Animal Organisations in the UK

Information and contact details for national animal protection and welfare organisations, plus pet rescue centres operating in the UK...

There are a great many animal organisations operating in the UK. The main ones are:

The Royal Society for the Prevention of Cruelty to Animals (RSPCA): The RSPCA is the UK's oldest and best-known animal welfare organisation, which has been operating since 1824. Their primary work is the rescue and re-homing of cats, dogs and other domestic pets, but they respond to all animals in need, including wildlife, farm animals and laboratory animals. They also campaign for the welfare of animals to be protected by law, run educational programmes to prevent cruelty, and work with other animal welfare organisations throughout the world.

The Blue Cross: It aims to meet the welfare needs of companion animals through treatment, advice, support and re-homing.

Dogs Trust (formerly the National Canine Defence League): The UK's largest dog welfare charity. It manages a network of re-homing centres, subsidised neutering campaigns, educational programmes and offers veterinary care for the pets of homeless people.

The People's Dispensary for Sick Animals (PDSA): The PDSA is the UK's leading veterinary charity, providing free veterinary services to sick or injured pets while promoting responsible pet ownership.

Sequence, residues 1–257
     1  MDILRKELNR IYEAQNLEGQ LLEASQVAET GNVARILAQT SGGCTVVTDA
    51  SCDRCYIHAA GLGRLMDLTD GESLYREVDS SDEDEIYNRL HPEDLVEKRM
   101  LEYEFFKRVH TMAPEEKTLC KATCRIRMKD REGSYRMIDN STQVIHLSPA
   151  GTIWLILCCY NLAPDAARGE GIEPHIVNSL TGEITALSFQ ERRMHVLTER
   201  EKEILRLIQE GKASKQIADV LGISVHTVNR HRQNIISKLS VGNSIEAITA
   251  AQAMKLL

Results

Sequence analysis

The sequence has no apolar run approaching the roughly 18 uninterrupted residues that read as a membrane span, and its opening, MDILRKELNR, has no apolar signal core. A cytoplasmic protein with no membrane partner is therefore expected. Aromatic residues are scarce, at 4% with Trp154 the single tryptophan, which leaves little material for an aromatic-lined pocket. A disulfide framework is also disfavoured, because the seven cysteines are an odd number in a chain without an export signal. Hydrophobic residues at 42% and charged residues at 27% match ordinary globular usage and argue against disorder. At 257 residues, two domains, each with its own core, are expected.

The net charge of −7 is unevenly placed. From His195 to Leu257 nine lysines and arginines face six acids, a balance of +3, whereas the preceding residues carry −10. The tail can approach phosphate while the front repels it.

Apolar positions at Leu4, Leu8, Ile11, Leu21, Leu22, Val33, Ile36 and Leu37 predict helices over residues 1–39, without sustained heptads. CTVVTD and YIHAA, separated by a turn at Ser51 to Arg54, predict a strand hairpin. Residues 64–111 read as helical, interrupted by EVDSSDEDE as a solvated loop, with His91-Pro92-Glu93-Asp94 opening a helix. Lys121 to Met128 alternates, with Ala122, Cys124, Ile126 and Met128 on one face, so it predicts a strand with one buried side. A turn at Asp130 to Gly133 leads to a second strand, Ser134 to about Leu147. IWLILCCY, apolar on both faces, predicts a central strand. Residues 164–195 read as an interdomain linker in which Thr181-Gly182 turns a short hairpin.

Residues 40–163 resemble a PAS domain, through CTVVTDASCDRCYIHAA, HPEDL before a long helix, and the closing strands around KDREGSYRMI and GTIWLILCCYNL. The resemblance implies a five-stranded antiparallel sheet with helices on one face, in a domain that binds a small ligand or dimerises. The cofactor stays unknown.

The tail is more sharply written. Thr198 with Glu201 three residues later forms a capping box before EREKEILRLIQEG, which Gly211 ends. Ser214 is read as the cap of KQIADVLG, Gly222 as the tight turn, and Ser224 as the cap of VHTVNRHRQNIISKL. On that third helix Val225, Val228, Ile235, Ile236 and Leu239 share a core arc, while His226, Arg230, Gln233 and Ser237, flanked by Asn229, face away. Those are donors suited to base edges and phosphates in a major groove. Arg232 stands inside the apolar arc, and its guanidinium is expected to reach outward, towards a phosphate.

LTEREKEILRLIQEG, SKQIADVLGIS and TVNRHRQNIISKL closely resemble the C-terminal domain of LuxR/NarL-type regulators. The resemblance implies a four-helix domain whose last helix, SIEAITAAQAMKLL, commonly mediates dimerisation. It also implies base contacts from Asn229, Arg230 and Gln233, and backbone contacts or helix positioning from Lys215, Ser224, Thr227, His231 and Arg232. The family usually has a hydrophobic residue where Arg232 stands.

The Feline Advisory Bureau (FAB): Dedicated to promoting the health and welfare of cats through improved feline knowledge and the funding of veterinary projects and studies. It provides training and advice for boarding catteries and information on all aspects of cat care.

Lost and Found Animals

Increasingly, responsible pet owners are microchipping their pets and registering them. Microchips are implanted by vets and the reunification database is managed by PETtrac, which operates all year round.

The UK National Missing Pets Register and the Pets Bureau are free services set up to alert members to missing pets.

Boarding

To find a reputable boarding kennel or cattery, it is advisable to ask a vet or to go through local Cat or Kennel clubs.

Most boarding facilities require documentation proving that a pet is up to date with its vaccinations before they will accept it. It is advisable to treat pets against fleas, ticks and worms before they go into a kennel or cattery.